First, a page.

30 Coverage and Staffing Plan Manuscript structure Linking your ideas …no research has examined how interacting with Facebook influences subjective well-being over time. We addressed this issue by…measuring in-vivo behavior and psychological experience over time. These analyses indicated that Facebook use predicts declines in…subjective well-being… Problem Objectives Conclusion Discussion Introduction Kross et al. PLoS ONE 2013; 8: e69841.

31 Coverage and Staffing Plan Manuscript structure Writing effective conclusions Your conclusion is a summary of your findings Your conclusion should be the answer to your research problem that is supported by your findings Emphasizes how your study will help advance the field Emphasizes how your study will help advance the field

32 Thank you! Any questions? Follow us on Like us on Facebook facebook.com/EdanzEditing Download and further reading edanzediting.com/ntu Jeffrey Robens:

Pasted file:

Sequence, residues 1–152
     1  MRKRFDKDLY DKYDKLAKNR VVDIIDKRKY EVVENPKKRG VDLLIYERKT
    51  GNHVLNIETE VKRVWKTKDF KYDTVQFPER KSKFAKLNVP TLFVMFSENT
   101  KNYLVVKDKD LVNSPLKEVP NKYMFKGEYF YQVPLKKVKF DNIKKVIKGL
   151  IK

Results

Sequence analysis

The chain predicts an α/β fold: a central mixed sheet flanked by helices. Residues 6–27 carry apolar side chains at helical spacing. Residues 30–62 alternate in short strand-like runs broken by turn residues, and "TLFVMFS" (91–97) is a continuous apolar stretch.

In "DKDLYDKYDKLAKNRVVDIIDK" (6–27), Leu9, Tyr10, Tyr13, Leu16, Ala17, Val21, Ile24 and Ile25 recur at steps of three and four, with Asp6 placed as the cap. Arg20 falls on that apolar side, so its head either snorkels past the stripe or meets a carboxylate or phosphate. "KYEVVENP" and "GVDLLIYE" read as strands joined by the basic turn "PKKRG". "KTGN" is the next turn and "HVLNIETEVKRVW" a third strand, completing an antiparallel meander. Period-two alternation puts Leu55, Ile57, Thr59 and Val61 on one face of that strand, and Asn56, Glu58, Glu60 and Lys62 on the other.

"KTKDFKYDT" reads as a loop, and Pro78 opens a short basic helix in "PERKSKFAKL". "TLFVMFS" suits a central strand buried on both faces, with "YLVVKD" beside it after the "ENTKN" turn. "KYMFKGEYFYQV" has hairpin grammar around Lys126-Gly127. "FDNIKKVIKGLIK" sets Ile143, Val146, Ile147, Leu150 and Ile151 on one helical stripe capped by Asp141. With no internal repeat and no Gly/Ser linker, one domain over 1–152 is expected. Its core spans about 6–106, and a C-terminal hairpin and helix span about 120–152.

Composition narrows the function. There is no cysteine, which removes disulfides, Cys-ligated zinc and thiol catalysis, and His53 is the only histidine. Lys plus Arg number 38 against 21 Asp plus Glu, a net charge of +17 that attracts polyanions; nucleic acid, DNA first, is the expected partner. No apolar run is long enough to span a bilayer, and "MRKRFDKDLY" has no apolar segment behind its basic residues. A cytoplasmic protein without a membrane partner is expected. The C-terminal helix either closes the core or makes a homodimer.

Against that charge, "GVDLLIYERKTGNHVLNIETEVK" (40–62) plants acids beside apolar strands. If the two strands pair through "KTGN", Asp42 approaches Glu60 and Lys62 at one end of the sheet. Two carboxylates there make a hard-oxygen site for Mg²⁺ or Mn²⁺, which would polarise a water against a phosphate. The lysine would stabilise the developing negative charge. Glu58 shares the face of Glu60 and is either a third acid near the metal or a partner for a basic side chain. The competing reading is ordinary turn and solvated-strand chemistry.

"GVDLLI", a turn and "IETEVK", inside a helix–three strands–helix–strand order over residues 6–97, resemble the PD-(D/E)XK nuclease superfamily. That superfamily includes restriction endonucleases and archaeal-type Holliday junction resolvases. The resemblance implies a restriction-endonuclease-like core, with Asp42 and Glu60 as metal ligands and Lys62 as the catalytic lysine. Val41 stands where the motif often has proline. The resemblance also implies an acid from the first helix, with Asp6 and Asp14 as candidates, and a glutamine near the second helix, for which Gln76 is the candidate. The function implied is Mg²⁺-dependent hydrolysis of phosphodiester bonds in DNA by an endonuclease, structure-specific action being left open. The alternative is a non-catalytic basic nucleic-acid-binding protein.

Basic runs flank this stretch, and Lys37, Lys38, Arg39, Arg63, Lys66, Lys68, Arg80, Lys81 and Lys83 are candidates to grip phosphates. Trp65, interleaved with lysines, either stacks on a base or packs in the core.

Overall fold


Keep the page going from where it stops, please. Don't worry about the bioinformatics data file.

33 Thank you! Any questions? Follow us on Like us on Facebook facebook.com/EdanzEditing Download and further reading edanzediting.com/fju Jeffrey Robens:

34 Who’s hungry? First impressions are important!

35 Titles and abstracts Section 3 Download at: edanzediting.com/ntu

36 Titles and abstracts Section 3 Download at: edanzediting.com/fju

37 Customer Service Titles and abstracts Important points Summarize key finding Contains keywords Less than 20 words Summarize key finding Contains keywords Less than 20 words Avoid Effective titles Your title should be a concise summary of your most important finding Questions Describing methods Abbreviations “New” or “novel” Questions Describing methods Abbreviations “New” or “novel”